On the other hand, selling more affordable products and services with a much larger customer base diminishes the power each customer has and makes it easier for you to increase your prices and profitability.
Substitutes are any alternatives that can be used in place of your product that are available to consumers. A substitute for Evernote is paper and pen. It’s not another product that Evernote is competing against, it’s a different expression of the primary actions that Evernote enables.
Consider the substitutes that threaten your power in your industry. The fewer there are, the easier it will be to dominate your market.
What are you ultimately fighting for when battling your competition?
To win, you need to know them better than your rivals.
You need to figure out how they currently perceive your business and how they’ll look at you when you launch a new product or change an existing one.
You need to know how satisfied they are with your customer service, with the user experience of your products, and your range of offers.
You need to understand how potential customers prefer to be marketed to and how they interact and react to your campaigns.
All this and more needs to be known for you to have a fighting chance against competitors who have already courted a sizable portion of the market.
We recommend creating a customer persona to begin this type of research.
A customer persona, also known as a buyer persona, is a semi-fictional customer description based on your actual customers’ demographics, behavior, lifestyle, motivations, and challenges.
There are a number of ways to gather this information.
Surveys and interviews help you uncover the real motivations behind customer behavior that goes much deeper than general demographic info.
You can ask questions about their lifestyle, interests, and hobbies. The media they prefer to use. The problems they’re trying to solve and the solutions they’ve already tried. Even their objections to buying your product or a competitor’s.
Scouring social analytics is another great method for understanding customers.
Twitter and Facebook analytics will tell you what topics your target customers are sharing and posting. This tells you two things: what type of content you should create to attract your customers and what topics interest them the most, which can tell you even more about how to best serve them.
Once you know your industry and your customers, it’s much easier to begin identifying competitors who pose a serious threat.
Start listing all the competitors you can find in your industry and separate them into two categories: direct and indirect.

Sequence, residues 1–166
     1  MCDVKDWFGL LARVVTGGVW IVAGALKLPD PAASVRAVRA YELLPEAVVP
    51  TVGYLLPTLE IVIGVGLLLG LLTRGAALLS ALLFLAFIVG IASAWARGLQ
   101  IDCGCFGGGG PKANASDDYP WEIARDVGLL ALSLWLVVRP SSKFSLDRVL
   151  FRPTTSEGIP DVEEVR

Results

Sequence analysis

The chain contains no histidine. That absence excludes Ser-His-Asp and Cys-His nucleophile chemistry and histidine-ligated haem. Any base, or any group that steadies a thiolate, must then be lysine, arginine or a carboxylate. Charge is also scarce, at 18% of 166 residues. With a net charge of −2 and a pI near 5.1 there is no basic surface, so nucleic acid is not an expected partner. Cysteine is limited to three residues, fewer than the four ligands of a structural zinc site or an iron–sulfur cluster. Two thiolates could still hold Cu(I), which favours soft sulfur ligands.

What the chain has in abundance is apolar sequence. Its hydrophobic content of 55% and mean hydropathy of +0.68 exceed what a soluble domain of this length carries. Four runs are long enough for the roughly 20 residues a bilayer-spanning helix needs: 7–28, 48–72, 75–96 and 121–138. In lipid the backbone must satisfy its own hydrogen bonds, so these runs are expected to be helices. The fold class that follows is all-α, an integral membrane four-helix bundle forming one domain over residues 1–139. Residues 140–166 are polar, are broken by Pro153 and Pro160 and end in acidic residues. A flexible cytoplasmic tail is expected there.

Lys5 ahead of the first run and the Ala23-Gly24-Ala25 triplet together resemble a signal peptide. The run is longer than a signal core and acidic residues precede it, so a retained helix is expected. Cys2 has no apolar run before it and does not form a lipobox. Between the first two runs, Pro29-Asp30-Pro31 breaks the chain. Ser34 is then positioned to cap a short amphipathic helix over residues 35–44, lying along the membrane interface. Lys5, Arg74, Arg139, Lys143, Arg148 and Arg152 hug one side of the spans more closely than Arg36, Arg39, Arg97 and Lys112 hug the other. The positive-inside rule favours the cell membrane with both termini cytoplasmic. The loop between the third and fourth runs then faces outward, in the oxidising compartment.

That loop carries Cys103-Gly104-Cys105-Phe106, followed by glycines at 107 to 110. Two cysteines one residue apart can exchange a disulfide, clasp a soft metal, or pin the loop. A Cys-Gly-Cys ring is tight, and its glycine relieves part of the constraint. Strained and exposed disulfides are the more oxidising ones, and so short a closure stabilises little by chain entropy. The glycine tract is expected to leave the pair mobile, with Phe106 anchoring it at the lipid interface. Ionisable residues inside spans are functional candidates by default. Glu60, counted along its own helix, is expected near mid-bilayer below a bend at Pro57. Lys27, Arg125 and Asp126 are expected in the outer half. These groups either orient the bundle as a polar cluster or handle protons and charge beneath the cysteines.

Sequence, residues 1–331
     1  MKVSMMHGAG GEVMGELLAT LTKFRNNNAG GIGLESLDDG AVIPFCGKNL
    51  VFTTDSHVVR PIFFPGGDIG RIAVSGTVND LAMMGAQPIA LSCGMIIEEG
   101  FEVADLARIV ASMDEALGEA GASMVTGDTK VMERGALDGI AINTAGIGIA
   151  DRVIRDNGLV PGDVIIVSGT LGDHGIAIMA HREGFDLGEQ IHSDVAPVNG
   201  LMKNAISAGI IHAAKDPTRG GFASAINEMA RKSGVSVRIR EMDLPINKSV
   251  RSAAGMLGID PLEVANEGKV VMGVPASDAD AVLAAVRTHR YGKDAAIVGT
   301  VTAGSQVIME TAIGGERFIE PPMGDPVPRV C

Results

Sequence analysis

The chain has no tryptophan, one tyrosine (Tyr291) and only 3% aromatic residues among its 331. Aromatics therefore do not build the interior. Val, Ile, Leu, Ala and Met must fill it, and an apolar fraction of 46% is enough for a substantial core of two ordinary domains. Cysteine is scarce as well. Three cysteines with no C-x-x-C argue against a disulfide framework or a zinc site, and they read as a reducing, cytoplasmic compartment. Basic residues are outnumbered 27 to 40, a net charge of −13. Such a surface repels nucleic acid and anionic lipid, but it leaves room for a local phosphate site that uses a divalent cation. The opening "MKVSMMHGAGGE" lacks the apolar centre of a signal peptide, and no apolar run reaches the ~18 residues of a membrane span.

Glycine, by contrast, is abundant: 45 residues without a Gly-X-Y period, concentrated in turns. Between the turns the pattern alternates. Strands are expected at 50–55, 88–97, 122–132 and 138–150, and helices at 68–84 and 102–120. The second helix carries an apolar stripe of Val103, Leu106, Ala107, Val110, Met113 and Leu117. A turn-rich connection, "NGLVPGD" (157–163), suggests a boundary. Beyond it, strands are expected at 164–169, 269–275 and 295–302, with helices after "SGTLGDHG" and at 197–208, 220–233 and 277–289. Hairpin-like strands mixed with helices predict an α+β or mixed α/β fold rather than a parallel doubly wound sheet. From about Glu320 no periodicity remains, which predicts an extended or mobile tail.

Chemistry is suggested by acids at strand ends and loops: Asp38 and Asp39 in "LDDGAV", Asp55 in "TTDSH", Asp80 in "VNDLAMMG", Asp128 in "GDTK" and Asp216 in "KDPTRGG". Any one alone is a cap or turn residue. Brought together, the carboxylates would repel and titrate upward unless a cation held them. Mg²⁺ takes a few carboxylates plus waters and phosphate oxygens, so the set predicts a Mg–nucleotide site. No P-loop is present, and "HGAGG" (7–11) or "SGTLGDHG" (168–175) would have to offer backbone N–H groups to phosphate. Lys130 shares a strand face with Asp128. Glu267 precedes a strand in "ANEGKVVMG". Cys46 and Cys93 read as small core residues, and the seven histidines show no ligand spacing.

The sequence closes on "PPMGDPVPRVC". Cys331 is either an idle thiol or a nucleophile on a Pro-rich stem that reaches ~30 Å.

Direct competitors offer similar products and services as your own that solve the same customer problems and operate within the same space as you and your customers (geographically and online).
Indirect competitors perform similar functions to solve similar customer problems but they are distinctly different from your products.
If you sell watches, you’re directly competing against an array of other brands. Similar products, similar customer problems, similar functions.
Your indirect competitors as a watch company are wall clocks, or any phone that tells time. All of these products solve the problem of knowing what time it is but do it in very different ways.
Drilling down into what separates you from the competition helps you understand how to target the right customers and grow market share.
One way to do this is by using each product to try and understand the user’s point of view. If it’s a mobile game, download and play it many times. If it’s an e-commerce project, go through the experience of shopping for and checking out an item. If it’s a B2B product, sign up for a demonstration.
Make a list of your most important features first. Then, research each competitor and mark their most important features. Use one of the charts we discussed earlier to plot the data and draw a comparison.
Gathering, organizing, and demonstrating the competitive analysis findings is the primary part of this process. But putting this data into real-world use means communicating it clearly and convincingly to the decision-makers in your company.
We believe fast and easy collaboration is a must-have for productive product discovery.
Our software allows any team member or department to host quick meetings through a webcam and screen recording, even with everyone out of the office.
Technical demonstrations can be made into GIFs for better comprehension.
Plus, we’ve been ranked by G2 Crowd as one of the top sales enablement tools.
Find out why CloudApp is essential for communicating competitive analysis results today.